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The Week's Can't-Miss Performance 

Emergency String Quartet revolutionizes modern chamber music

Wednesday, Dec 12 2001
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In the contemporary world of improvisation, string players rule. Avant-garde trailblazers like bassist Dominic Duval, cellist Tomas Ulrich, violinist Mat Maneri, guitarist Joe Morris, and kotoist Miya Masaoka have displaced the horn players and pianists who used to run the show, inspiring a generation of string slingers to revolutionize chamber music for the new millennium.

Cellist Bob Marsh's Emergency String Quartet is one such combo. The local improv group -- which also includes bassist Damon Smith, violinist Jeff Hobbs, and violinist Kevin Van Yserloo -- plays what it calls "compositions that haven't been written yet." In other words, the quartet does not rely on prewritten scores or preconceived song structures to organize its sounds. Instead, the music comes alive in the moment via the constant give-and-take of the players.

On its debut CD Hill Music, the foursome collectively scrapes and saws its various strings into a dramatic, agitated concoction. At times, the group's aggressive rhythmic motifs collide like bumper cars; in other instances, the quartet's smoother bowed melodies -- ranging from the extreme rumble of the bass and cello to the high-end cries of the violins -- interweave like a multitextured quilt. Dispensing with traditional harmonic development, ESQ uses lots of timbral manipulation, rhythmic, minimalist repetition, and percussive techniques (e.g., beating the strings with the bow) to drive the music forward in fits and starts.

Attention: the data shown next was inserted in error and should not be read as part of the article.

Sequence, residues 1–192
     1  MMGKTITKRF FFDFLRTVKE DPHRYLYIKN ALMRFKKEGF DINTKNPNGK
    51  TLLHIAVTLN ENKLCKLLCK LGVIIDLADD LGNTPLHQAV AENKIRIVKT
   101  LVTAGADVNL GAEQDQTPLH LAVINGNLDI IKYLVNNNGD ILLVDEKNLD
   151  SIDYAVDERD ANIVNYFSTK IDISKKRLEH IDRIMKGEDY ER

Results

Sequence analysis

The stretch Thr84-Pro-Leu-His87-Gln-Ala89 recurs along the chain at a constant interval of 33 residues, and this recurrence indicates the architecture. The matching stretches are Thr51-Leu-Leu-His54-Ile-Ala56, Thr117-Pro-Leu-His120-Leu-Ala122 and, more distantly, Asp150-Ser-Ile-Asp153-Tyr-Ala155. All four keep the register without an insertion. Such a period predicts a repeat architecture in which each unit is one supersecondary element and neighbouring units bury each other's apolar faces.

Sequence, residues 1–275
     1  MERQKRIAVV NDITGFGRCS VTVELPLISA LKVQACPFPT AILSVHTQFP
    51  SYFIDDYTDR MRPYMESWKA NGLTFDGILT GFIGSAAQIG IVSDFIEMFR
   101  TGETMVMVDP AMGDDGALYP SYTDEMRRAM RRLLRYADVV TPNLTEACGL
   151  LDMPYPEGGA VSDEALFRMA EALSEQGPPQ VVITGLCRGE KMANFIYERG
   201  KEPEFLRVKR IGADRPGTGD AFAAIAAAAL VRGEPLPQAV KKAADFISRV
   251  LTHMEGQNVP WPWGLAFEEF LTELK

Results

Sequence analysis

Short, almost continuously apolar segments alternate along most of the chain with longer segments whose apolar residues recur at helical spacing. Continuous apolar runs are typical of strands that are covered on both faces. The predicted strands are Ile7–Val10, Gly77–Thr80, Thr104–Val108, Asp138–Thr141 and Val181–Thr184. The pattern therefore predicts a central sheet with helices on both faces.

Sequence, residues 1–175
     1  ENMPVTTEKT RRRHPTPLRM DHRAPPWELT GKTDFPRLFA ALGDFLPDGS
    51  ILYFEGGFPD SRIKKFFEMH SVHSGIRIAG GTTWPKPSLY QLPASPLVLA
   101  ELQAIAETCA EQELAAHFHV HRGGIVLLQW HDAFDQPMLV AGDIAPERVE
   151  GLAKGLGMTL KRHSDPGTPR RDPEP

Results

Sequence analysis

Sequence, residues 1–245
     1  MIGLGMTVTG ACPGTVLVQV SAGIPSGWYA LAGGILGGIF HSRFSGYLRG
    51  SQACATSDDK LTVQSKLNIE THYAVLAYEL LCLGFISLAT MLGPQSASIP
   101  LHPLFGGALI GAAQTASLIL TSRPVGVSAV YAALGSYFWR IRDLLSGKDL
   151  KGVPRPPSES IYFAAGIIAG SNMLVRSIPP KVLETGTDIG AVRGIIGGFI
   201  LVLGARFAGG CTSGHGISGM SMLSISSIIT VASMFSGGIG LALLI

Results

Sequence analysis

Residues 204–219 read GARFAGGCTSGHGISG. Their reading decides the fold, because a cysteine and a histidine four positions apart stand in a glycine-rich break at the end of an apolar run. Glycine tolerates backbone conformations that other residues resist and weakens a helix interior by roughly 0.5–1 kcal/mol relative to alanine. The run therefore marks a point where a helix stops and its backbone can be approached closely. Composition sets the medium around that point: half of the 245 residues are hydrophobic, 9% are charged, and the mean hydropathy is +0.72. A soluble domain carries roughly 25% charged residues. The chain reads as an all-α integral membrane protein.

Though ESQ's players are cutting-edge in their approach to their compositions, their playing doesn't always hold together. (Perhaps this disjointedness can be explained by the fact that the four have only been a unit for 18 months.) Still, in the 21st-century improv world, strings are king; given time, ESQ may wear the crown.

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Sam Prestianni

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